UGA sees new long-awaited veterinary teaching hospital materialize


Restored budget gives school more than $97 million to build new campus.

Construction is underway for the University of Georgia’s (UGA) new veterinary teaching hospital, and with a boost in private donations the state’s Board of Regents recently upped the budget $16.4 million to restore the campus to its original plans. Materializing in the next two years will be a roughly 300,000-square-foot, five-building campus created from a budget of $97.7 million.

“A new hospital will allow us to continue to provide exceptional care for our very robust clinical caseload in a facility that is much larger and state-of-the-art,” says UGA College of Veterinary Medicine Dean Sheila W. Allen DVM, MS. “A new facility will allow our exceptional faculty, staff and students to work and learn in a much better environment to be efficient and productive.”

Plans for the facility have been in the works for nearly 15 years, since the need was first proposed to UGA administration in 1998. Now, having overcome state budget restrictions that altered the project, the budget is restored with $65 million from the state of Georgia and the rest covered by private funds. The new campus will include large and small animal teaching hospitals, a large animal ambulatory services building, an equine arena for lameness evaluation and pre-purchase exams and a classroom building for third-year students.

The current veterinary teaching hospital, built in 1979, is a fraction of the size of the new facility. Half the college will move to the new campus, including all third- and fourth-year students and clinical faculty and staff. Allen says first- and second-year students, basic science faculty and administrators will stay in their current buildings. “The vacated hospital space will be repurposed for first- and second-year student instruction and research,” Allen says.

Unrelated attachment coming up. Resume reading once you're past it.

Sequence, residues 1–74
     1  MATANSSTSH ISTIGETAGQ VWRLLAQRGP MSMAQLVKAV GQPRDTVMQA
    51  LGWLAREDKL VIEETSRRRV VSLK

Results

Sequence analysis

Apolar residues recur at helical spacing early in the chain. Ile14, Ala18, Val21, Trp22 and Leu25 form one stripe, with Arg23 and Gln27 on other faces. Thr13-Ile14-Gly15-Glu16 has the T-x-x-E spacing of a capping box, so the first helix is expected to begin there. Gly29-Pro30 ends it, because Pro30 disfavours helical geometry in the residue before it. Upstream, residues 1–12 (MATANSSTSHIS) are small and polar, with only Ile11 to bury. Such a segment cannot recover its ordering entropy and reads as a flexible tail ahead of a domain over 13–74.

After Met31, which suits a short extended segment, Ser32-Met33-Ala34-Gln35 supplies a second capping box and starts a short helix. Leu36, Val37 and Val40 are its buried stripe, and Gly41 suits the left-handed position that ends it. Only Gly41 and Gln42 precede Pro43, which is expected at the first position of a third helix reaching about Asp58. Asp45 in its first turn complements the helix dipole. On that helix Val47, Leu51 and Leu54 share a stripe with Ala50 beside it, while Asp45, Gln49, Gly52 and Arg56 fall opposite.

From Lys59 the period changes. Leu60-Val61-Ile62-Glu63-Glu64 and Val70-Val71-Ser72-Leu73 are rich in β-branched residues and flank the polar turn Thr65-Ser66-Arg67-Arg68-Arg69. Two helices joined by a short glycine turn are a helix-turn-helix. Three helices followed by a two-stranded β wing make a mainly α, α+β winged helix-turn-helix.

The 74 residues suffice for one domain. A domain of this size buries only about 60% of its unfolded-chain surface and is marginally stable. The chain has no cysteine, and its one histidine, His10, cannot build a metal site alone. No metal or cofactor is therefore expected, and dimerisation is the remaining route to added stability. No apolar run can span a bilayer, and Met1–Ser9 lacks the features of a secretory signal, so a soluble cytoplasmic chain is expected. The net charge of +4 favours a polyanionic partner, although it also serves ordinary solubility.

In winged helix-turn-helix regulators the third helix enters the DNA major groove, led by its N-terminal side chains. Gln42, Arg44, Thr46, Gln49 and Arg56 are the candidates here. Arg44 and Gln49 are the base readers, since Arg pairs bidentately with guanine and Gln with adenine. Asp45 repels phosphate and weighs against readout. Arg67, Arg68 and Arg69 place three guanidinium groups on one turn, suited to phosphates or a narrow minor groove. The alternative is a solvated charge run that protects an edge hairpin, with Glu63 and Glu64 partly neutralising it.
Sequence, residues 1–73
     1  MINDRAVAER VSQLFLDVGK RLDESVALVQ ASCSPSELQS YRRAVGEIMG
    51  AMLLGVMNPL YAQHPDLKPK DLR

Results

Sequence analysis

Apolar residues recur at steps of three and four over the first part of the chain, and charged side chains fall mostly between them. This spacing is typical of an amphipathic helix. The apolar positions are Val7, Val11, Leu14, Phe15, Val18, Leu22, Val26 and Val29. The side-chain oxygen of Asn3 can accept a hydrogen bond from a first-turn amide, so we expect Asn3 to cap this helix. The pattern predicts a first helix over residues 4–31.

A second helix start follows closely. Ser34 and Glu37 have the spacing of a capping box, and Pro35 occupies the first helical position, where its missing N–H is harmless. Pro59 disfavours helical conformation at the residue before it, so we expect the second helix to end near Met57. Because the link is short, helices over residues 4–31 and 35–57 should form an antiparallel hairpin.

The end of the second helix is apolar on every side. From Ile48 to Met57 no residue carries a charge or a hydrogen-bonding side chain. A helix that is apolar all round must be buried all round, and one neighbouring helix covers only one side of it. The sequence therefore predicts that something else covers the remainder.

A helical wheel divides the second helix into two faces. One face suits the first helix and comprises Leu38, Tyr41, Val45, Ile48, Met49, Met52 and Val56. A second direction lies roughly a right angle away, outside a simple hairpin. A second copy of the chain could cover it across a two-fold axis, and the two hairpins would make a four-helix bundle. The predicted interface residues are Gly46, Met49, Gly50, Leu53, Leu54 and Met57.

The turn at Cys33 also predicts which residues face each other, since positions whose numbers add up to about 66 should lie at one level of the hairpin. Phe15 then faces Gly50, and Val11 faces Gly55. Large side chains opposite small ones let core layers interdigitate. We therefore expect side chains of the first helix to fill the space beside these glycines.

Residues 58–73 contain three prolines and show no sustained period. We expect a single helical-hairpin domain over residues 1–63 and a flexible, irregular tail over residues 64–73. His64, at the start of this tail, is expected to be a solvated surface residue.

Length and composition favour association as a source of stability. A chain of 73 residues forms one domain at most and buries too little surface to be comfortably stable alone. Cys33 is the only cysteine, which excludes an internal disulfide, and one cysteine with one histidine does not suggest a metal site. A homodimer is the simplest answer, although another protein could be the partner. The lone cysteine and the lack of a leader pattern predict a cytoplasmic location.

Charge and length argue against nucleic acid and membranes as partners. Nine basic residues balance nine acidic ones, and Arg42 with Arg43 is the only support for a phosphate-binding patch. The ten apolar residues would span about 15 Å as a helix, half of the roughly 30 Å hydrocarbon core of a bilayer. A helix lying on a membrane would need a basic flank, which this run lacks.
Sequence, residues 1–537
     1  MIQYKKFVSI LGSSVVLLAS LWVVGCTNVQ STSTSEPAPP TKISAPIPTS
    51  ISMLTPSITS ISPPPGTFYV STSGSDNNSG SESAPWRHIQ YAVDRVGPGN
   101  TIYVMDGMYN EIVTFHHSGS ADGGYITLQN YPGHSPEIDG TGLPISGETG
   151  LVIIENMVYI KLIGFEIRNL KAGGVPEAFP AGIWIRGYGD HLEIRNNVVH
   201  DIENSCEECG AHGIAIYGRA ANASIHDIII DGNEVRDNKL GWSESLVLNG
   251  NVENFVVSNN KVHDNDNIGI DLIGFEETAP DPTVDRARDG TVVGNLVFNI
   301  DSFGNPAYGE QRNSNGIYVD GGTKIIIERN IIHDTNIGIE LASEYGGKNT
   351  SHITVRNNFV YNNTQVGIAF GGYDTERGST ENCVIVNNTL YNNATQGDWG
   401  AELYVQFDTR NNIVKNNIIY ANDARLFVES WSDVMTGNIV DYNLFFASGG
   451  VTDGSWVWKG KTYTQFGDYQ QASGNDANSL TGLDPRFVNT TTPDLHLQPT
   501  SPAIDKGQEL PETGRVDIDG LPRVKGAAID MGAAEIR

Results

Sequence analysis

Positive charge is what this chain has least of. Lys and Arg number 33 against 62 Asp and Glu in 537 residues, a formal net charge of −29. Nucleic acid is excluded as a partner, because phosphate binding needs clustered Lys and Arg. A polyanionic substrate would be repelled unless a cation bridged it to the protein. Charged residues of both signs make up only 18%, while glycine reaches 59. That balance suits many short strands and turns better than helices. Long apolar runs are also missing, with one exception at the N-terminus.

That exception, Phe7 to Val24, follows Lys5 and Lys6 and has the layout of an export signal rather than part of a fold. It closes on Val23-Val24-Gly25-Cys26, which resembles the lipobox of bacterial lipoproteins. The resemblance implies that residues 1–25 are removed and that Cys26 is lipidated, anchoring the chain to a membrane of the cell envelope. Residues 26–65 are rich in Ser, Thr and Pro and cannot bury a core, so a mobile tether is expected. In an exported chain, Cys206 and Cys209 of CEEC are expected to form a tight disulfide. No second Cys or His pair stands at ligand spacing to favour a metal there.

More room will also allow for expanded class sizes and possible enrollment increases. “Any increases will be done in a carefully considered, incremental manner so that the quality of the educational experience stays exceptional,” Allen says. “We will add faculty and staff when we occupy the new facility and in response to any enrollment increases. We have a long-term plan for additional positions to support operation of the new facility and instruction.”

For now, Allen is excited that soon faculty, staff and students will finally be able to enjoy a brand new, state-of-the-art facility. “The equine arena will be a much safer and better place for equine evaluation,” she says. “Ambulatory services will have their own building to work out of.  Our large animal isolation facility will be in a standalone building, which will be much better for biosecurity. We will have open pasture available for recuperating large animal patients. Client access for large animal and small animal patients will be much easier. Diagnostic imaging will be greatly expanded.”

The current teaching hospital serves more than 18,000 patients per year in one of the smallest teaching hospitals in the United States.

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